Reworking the legal frameworks of the North Atlantic Treaty

Drafted on April 4th, 1949 by the original 12 founding nations of the Alliance, the North Atlantic Treaty solidified the organization’s core mandate for decades to come. Rooted in the fundamentals of liberal-internationalism and the multilateral rules-based order, NATO has grown to include 29 member states, a diverse array of policy agendas through their partnerships, specialized groups and councils and have conducted operations around the world. For such a significant force in the international community, NATO must continue to remain dedicated to its goals of collective defense and international stability, however it must also strive to look ahead and adapt in the future. In order to do so, NATO should consider reworking the legal frameworks of the North Atlantic Treaty.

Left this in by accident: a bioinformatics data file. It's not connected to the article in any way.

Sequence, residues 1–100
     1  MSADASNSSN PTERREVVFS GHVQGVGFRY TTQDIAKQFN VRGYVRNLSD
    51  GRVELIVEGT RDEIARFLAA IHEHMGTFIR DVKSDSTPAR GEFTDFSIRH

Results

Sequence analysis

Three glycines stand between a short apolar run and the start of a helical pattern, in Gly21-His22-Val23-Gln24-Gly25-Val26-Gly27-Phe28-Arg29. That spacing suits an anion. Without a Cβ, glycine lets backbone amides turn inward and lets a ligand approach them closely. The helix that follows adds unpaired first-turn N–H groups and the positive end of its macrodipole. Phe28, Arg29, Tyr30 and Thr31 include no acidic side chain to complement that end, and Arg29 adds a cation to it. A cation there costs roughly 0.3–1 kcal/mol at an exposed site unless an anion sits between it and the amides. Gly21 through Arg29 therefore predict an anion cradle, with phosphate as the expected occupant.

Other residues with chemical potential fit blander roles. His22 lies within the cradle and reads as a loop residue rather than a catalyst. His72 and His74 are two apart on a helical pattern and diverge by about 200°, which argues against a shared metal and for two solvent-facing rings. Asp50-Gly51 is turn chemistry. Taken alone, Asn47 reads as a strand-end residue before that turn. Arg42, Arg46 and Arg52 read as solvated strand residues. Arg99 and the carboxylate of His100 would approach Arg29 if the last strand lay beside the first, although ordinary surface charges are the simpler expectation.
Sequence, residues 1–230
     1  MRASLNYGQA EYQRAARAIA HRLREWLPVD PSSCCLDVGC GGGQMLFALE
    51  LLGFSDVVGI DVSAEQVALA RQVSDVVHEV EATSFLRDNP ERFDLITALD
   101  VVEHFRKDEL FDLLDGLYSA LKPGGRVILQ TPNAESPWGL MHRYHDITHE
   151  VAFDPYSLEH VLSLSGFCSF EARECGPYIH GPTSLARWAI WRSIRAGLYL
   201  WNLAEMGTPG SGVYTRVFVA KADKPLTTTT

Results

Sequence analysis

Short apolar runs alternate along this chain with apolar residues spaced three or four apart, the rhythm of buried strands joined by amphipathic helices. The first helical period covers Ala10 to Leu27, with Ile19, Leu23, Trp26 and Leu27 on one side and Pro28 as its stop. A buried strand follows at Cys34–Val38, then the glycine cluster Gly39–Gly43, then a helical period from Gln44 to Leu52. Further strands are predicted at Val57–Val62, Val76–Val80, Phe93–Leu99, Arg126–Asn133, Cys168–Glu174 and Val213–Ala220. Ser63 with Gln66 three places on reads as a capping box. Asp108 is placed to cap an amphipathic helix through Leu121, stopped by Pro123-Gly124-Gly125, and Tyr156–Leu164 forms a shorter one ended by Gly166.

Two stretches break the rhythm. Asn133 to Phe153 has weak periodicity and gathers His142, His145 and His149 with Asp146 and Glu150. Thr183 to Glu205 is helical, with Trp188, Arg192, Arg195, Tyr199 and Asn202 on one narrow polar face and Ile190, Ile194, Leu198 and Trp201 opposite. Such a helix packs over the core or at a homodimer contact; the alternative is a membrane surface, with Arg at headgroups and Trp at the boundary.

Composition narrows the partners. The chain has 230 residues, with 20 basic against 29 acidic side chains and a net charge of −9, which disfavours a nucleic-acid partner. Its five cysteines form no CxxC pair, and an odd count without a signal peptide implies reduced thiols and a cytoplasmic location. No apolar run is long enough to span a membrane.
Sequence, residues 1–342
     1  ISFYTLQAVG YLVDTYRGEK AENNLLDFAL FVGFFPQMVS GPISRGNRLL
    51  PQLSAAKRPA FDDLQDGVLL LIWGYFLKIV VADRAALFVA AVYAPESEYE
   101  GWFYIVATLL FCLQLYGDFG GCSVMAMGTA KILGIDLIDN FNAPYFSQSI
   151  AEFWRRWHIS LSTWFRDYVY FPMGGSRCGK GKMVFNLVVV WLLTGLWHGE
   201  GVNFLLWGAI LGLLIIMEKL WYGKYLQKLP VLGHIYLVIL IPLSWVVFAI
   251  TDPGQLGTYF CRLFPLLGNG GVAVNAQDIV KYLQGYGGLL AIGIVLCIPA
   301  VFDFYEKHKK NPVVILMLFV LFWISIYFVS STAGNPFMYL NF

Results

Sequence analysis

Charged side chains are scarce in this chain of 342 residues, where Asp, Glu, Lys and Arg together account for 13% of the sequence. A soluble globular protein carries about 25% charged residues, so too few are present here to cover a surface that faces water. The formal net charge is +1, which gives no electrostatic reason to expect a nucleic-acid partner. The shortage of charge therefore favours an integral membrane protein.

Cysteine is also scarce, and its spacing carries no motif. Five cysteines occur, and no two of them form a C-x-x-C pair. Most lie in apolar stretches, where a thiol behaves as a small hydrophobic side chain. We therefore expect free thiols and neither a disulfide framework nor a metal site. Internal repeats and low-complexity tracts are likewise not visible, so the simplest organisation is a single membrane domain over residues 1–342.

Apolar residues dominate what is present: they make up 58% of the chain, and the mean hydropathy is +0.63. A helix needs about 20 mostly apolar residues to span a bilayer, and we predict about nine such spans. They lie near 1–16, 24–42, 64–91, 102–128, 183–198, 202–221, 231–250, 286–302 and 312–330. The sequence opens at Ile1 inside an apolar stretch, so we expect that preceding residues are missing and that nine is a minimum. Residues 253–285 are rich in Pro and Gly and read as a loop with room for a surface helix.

The international community has evolved at a remarkable pace since 1949 with changes in the relative balance of power of nation-states as well as the introduction and growing relevance of non-state actors. The global economy has transformed foreign relations, the world has experienced various hot and cold conflicts, the emergence of hybrid and cyber warfare, and global threats such as climate change and resource scarcity. Although most fundamentals of the international rules based order have remained unchanged, all of the aforementioned items could impact both the relevance and effectiveness of an organization like NATO and its founding policies and treaties.